"(2) [Mr Price] and [Supawall] shall take all steps as may be agreed by them in pursuance of clause 9.1 including the institution of legal proceedings where necessary in the name of one of the parties or in the joint names of [Mr Price] and [Supawall] as appropriate.
"(3) If [Mr Price] notifies [Supawall] that he does not intend to take any action or fails within a reasonable period in the circumstances to take such steps as may be considered necessary or appropriate by [Supawall] …. [Supawall] shall have the right and is hereby authorised by [Mr Price] to take those steps independently. In doing so [Supawall] shall not be taken as acting as the agent or in any way on behalf of [Mr Price] but [Mr Price] shall give all reasonable assistance at [Supawall's] expense to facilitate any proceedings by [Supawall]. [Supawall] shall bear all costs but shall be entitled to retain for its own absolute benefit any damages, costs or other expenses awarded or recovered in any such proceedings."

Flitcraft submitted that it was only if Mr Price had notified Supawall that he did not intend to take proceedings for infringement that Supawall would have that right. There was no evidence that any such notification had been given.   It even argued that the agreement the licence agreement gave supremacy to Mr Price and that the only pecuniary relief it could claim would be limited to unpaid sums under a charge to the Northwest Transitional Investment Fund.

Mr Caddick had disagreed:

"It seems to me that clause 9.2 shows that both parties were seen as having rights and that they would, in general, agree how to exercise those rights against an infringer. Clause 9.3 then deals with a narrower situation where the proprietor gives notice that it does not wish to participate. I do not construe this as meaning that, in other circumstances, [Supawall] would have no rights. That would be completely contrary to the usual status of an exclusive licensee under s.67 and I do not think that that is what the parties intended, particularly given the terms of clause 9.2"

Sir Christopher agreed with the deputy Judge.  Supawall derived its right to bring proceedings for patent infringement from s.67 (1) of the Patents Act 1977. It did that by proving that it was an exclusive licensee. As Mr Caddick had said, clause 9 of the licence agreement simply regulated the bringing of proceedings as between Mr Price and Supawall. What it provided was that, normally, the two parties will co-operate, but if they cannot agree then Supawall can bring proceedings on its own.  Obviously, in those circumstances, Supawall would have to join the patentee as a defendant. The present case was obviously one where both parties had brought proceedings under clause 9.2. The clause said nothing at all about who would recover damages, the "supremacy" of Mr Price or unpaid sums due to the Fund.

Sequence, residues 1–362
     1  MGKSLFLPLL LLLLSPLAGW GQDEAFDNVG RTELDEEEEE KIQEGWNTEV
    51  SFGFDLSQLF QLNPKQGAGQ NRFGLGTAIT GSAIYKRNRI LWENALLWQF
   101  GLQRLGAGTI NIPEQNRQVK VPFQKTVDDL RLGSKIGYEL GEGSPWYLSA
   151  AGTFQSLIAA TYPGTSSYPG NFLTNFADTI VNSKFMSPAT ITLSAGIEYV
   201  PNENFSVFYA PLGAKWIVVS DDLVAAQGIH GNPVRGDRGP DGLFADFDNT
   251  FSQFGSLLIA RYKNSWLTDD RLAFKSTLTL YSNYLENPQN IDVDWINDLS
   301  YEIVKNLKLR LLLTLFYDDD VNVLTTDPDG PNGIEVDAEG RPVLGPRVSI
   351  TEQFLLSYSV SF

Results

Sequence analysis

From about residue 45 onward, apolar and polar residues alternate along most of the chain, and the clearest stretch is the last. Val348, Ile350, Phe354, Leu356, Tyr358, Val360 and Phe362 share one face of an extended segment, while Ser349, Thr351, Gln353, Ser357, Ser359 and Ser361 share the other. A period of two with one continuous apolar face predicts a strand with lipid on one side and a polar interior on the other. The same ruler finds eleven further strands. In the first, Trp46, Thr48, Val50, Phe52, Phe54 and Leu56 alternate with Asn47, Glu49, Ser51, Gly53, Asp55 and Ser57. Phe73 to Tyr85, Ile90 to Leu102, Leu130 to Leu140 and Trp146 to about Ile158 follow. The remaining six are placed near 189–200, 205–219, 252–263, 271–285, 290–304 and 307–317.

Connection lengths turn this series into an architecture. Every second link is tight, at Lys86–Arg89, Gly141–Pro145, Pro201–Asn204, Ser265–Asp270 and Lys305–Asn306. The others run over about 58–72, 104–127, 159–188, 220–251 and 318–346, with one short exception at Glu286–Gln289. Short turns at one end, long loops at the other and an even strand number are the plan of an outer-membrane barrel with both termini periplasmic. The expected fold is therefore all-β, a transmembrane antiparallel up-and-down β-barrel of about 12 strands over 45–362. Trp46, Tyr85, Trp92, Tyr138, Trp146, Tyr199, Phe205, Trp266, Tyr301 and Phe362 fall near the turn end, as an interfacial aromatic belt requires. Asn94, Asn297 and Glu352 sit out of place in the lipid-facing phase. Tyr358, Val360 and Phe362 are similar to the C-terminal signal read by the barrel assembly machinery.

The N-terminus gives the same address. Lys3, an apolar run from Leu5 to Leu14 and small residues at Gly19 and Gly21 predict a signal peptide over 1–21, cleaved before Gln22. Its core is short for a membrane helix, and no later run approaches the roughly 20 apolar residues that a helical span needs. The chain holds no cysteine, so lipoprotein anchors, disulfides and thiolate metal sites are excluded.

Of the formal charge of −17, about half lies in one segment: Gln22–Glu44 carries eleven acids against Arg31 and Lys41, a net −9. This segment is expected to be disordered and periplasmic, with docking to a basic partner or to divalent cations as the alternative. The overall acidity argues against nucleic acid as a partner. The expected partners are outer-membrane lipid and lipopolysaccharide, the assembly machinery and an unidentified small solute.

Mr Caddick's Costs Order

Mr Caddick apportioned the costs as follows:
  • 70% for the patents action;
  • 20% for the copyright action and 
  • 5% for the passing off.
He split the costs of the patent action 60% to Mr Price's claim and 40% to Supawall's.   He ordered Mr Price to pay Flitcraft's costs on an indemnity basis and Supawall to recover 30% of 75% of the claimants' costs of the action.

Mr Caddick made an interim costs order in favour of Flitcraft in the sum of £12,775.50 on the non-patent claims.

He also ordered Supawall to pay the costs of the application to join the OR to the action,

The Costs Appeal

Mr Caddick's order was complicated.   To assist the Court of Appeal Peter Knox KC ("Mr Knox") who appeared for Supawall and Mr Price on the appeal identified the items that were challenged and those that were not.  Lord Justice Nugee incorporated Mr Knox's summary into para [60] of his judgment:-

"(i) The judge apportioned the costs 75% to the patent claims, 20% to the copyright claims and 5% to the passing off claims (paragraph 12). This is not challenged.
ii) The judge then dealt with the patent claims where he said that Mr Price had failed and Supawall had succeeded in part. He said that he had to deal with those claims separately (paragraph 14, set out by Sir Christopher Floyd at paragraph 26 above). Mr Knox takes issue with this.
iii) The judge then apportioned the overall costs of the patent claims 60% to Mr Price's claim and 40% to Supawall's claim (paragraphs 15 to 17). Mr Knox also takes issue with this.
iv) The effect of these decisions was that he ordered Mr Price to pay Flitcraft's costs of his failed patent claim, being 60% of 75% of the Defendants' total costs (paragraph 19). Mr Knox challenges this on the basis already referred to (that is, both in principle and as to the 60% apportionment).
v) The judge also ordered Mr Price to pay such costs on the indemnity basis, his claim being founded on the fictitious assignment to Mr Bridge (paragraph 19). If Mr Price is liable for costs at all, that is not challenged.
vi) The judge then dealt with the costs of Supawall's patent claim. He held that Supawall was the successful party, and under the general rule would be entitled to its costs (paragraph 20). Mr Knox unsurprisingly agrees.